Defining My Identity in College: Can I Call Myself a Malawian-American?

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When I arrived at Smith College, finding a “home” within Smith’s African community was not my number one priority. The thought of embracing my “Africaness” seemed too much like a cliché.

I was born in Malawi, and my family moved to the United States when I was four. When I was a kid, reminders of my foreignness were flashed in front of my face: my parents inability to vote, the stares we got at grocery stores and the teasing I experienced from my African-American classmates about my skin tone. By the time I got to Smith, I had zero patience for questions like, “Where are you from?”

My childhood forced me to accept that I would never be seen as an “American.”

Instead of going to the Smith African & Caribbean Students’ (SACSA) “First Year Welcome,” with my friend, an international student from Rwanda, I ditched her for the screening of the 2003 live action version of Peter Pan.

“I don’t need to go,” I told myself. After all, I saw myself more as a black person than a Malawian. It felt good to admit this. Yet as I started the movie, my guilt sank in.

Of course—I suppressed my guilt and continued to redefine myself as “black” and a “citizen of the world.” As a result, I joined the Black Students’ Association (BSA). During my first year, about 50 students were in BSA—a lot, given that Smith is a small school. I liked how the meetings were well-attended. I somehow believed that I could avoid the dreaded question of, “Where are you from?” by being around lots of people.

BSA helped me live out my fantasy. The numerous events the club organized, parties, dances, workout sessions, concerts and dinners gave me a chance to forget about my identity as an immigrant. In November I volunteered to “cook” for BSA’s annual Thanksgiving dinner. I didn’t do much. The only cooking tasks I performed involved pouring milk into corn bread batter. The rest of the time I talked to other BSA members. It was nice. I believed that I’d found some genuine friends.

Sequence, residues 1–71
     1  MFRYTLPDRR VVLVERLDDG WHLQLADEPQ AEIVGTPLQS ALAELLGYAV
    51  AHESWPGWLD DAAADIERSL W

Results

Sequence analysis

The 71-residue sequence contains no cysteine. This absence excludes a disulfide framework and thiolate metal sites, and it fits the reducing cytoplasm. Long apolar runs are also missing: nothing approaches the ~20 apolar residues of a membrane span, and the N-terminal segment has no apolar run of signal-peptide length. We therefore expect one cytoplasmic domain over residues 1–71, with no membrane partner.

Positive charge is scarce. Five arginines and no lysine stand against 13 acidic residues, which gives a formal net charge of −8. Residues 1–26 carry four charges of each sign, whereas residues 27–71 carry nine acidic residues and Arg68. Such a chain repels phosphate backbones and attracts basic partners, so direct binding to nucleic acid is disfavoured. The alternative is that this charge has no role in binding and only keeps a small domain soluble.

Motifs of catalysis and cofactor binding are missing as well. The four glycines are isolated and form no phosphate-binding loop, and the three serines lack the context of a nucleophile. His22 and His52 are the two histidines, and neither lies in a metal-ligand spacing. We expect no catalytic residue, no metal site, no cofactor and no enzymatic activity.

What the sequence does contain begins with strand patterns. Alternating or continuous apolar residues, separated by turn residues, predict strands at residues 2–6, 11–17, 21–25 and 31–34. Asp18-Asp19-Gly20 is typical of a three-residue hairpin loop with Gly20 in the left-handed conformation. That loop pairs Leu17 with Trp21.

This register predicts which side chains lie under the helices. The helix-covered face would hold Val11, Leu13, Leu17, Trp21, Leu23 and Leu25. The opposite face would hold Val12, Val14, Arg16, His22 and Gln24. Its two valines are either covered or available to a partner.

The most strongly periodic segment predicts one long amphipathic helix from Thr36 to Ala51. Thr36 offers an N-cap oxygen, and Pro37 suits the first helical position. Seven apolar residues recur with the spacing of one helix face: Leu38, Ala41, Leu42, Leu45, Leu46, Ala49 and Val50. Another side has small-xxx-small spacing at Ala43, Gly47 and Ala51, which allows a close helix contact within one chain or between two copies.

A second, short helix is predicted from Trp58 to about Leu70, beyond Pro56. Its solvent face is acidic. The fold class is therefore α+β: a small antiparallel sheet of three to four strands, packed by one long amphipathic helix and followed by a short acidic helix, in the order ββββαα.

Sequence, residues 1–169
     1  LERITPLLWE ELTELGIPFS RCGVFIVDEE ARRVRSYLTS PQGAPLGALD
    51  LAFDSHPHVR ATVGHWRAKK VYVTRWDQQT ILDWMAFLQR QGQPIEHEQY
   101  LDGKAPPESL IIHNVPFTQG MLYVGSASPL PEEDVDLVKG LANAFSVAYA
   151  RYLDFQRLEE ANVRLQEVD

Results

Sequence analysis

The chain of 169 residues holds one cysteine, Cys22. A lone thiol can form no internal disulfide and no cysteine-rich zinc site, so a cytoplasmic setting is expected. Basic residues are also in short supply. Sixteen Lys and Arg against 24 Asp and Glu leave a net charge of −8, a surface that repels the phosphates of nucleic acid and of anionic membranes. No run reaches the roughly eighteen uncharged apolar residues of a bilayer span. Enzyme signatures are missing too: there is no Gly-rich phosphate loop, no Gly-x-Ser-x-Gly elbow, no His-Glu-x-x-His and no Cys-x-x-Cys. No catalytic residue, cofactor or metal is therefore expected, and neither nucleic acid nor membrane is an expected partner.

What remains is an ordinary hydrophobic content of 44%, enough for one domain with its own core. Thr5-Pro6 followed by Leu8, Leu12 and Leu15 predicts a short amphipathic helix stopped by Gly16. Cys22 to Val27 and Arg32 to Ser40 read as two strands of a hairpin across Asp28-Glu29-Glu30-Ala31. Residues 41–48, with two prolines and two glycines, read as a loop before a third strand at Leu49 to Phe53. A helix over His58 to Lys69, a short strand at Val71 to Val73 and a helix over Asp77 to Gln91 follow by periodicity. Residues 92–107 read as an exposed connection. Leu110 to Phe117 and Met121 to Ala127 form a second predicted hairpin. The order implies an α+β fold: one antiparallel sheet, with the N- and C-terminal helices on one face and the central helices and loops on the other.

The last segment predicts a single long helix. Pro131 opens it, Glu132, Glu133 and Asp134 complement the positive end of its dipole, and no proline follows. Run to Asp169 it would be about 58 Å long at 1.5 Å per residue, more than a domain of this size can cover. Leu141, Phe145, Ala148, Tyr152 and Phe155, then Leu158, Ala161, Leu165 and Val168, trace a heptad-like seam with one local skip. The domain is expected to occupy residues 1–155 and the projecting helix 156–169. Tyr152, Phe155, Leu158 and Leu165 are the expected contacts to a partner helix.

The next day, I felt anxious. At BSA’s Thanksgiving dinner, I couldn’t find anyone I knew. The people I’d laughed with the previous night were out of sight. I took my plate of food and sat down with two girls I didn’t know very well. Although they were nice, it was hard for me to find words. My mind went blank. I kept on wanting to talk about the way my family celebrated Thanksgiving—the American way, and how much I didn’t like that. I kept quiet.

In the spring semester, I signed up to sell tickets at a BSA party. Instead of being energized by the music, I felt drained and alone. My friend from Rwanda and her friends from SACSA showed up to the party.

As they danced, I found myself wishing I could be their friend.

A couple weeks later, my friend from Rwanda invited me to a SACSA event. It was a viewing party of “An African City,” a YouTube series about five young women who move back to Ghana after spending many years in the United States.

“This show will be perfect for you,” my friend said to me as we walked over to the Cultural Center. As I watched the show, I started to relax. We all groaned and rolled our eyes at the cheesy scenes and the scripted dialogue. Even though I did not grow up in my home country, I could still relate to how some of the SACSA members felt about returning home. I became less ashamed of my identity as a Malawian.

Since then I’ve spent more time with SACSA. Being in this group has taught me not to fear the question, “Where are you from?” I realize now that my initial hesitation of being in SACSA stemmed from my worry of just being looked at as an “African” and nothing more. I now know that my identity is something that’s always changing and influenced by the people I meet and the places I go. Yes, I’m Malawian. Yes, I’m black. Yes, I’m an immigrant. Yes, I’m a foreigner, but I also have the power to define myself.

Patience is a junior at Smith College studying English. She's passionate about storytelling and performing arts. She hopes to travel the world writing about people, places, and culture.

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